• The difference in preferred sound could have to do with the violinists, as well: this study didn’t test this possibility soundly, because according to its author, “such an experiment would have required each listener to listen to nine pairs of violins twice. … Comparing 36 repetitions of the same piece, they decided, would be too difficult.”
  • It could also be that Stradivarius instruments have deteriorated over time. I was always led to believe that an instrument’s wood requires a degree of maturation before it reaches its fullest potential. Could it be, however, that the opposite is true? That after a period of time (say, hundreds and hundreds of years), an instrument can deteriorate? I’m no scientist. But it seems plausible.
  • We don’t know yet why the new instruments appeared to sound better and project more. Is this a recent phenomenon? Perhaps new technologies and manufacturing practices are offering us better, higher-quality instruments. But it could also be that we’ve always inflated the value of Stradivari instruments. This seems unlikely to me—people don’t spend millions of dollars because of mere myth—but it could be possible, I suppose.

Here’s another question of the study, posed by violinist Stéphane Tran Ngoc, who took part in Fritz’s first test:

… [H]anding a performer an unfamiliar instrument and assessing how good they make it sound might not do it justice. ‘It’s frequently necessary to spend much more time on old instruments in order to know how to make them sound good,’ he says. ‘A great old Italian violin will develop and will sound better and better as it is played, unlike many of the modern instruments.’

He uses an old instrument himself. And when he played it while participating in the tests, he (and others) felt it sounded better than the other violins. But ‘of course that’s unfair,’ he adds, ‘as I have played on my instrument for 25 years and know it very well.’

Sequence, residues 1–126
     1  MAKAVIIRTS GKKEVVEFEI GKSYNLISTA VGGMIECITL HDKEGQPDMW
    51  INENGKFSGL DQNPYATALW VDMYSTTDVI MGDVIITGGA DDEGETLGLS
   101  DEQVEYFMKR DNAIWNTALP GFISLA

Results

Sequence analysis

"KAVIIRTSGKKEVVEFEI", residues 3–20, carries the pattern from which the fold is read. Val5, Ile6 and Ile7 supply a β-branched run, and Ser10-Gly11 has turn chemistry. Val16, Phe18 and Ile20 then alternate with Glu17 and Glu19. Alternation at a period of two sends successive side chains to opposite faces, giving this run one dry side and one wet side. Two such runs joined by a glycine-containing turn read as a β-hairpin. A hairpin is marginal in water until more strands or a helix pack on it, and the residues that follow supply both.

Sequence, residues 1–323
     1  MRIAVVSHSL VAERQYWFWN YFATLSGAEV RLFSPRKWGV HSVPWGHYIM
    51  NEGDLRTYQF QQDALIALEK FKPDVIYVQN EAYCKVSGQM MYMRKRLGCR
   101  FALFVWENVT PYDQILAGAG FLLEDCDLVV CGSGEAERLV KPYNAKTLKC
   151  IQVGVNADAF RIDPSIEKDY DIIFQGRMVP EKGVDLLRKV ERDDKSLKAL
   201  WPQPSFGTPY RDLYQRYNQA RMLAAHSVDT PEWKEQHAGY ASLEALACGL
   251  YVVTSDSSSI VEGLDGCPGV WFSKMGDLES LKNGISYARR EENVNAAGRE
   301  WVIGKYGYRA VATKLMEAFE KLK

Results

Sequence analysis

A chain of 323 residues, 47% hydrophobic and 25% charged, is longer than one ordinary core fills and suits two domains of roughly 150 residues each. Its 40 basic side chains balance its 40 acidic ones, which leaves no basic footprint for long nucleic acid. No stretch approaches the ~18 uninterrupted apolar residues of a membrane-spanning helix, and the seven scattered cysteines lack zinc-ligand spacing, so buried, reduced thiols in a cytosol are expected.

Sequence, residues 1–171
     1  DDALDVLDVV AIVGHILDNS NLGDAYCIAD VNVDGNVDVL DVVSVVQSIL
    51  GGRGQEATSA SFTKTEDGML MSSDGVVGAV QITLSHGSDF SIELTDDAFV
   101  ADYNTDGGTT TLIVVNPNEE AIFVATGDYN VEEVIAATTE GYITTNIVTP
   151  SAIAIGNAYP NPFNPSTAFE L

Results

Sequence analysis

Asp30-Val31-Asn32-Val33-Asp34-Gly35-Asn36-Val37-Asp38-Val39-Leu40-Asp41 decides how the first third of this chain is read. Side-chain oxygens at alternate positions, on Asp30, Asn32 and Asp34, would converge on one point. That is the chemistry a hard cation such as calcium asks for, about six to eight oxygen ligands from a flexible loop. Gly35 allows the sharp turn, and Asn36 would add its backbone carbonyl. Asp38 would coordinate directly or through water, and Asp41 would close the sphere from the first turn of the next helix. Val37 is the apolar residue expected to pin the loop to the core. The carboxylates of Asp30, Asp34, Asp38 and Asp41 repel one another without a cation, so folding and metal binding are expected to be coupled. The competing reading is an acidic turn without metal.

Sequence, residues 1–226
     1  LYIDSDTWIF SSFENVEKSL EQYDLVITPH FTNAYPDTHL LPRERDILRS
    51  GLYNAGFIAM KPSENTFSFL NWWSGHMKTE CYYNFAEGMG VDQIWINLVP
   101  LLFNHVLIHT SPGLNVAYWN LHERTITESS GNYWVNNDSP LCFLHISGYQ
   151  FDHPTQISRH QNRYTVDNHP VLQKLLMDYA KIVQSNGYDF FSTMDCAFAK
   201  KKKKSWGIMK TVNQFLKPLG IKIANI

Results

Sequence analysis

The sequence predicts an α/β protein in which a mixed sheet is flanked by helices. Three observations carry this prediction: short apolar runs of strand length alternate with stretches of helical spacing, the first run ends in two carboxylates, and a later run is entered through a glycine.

It also seems there’s room here to conduct further studies on the discrepancies and similarities between old and new string instruments. The human ear can only pick up so much. Could recorded samples of music from the new and old instruments tell us something about their similarities, strengths, and divergences?

This Still Changes The Violin World, At Least For Now

Regardless, at least at present, this signals a shift in the violin world. If nothing else, it shifts the myths and legends surrounding us. Stradivarius instruments are beautiful no matter what—but it’s their sound that has made them legendary.

Fritz believes the violins will continue to be esteemed for their artistic quality. “It’s a piece of art. I mean, they are beautiful. We can’t deny that,” she says. For example, she says, “famous people want to pay full price for a Picasso rather than the copy, even if nobody will make the difference by eye. [It’s] the same for instruments.”

But when I buy a violin for my daughter someday, my decision-making may be altered by this finding. Normally, I would say “older is better.” And I still love the look of an antique violin. But now, I’ll give new violins a greater chance than I otherwise would. Because who knows? Maybe they’ve got angelic sound, after all.

Gracy Olmstead is a senior contributor at The Federalist. Her writings can also be found at The American Conservative, The Week, Christianity Today, Acculturated, The University Bookman, and Catholic Rural Life. You can follow her on Twitter @gracyolmstead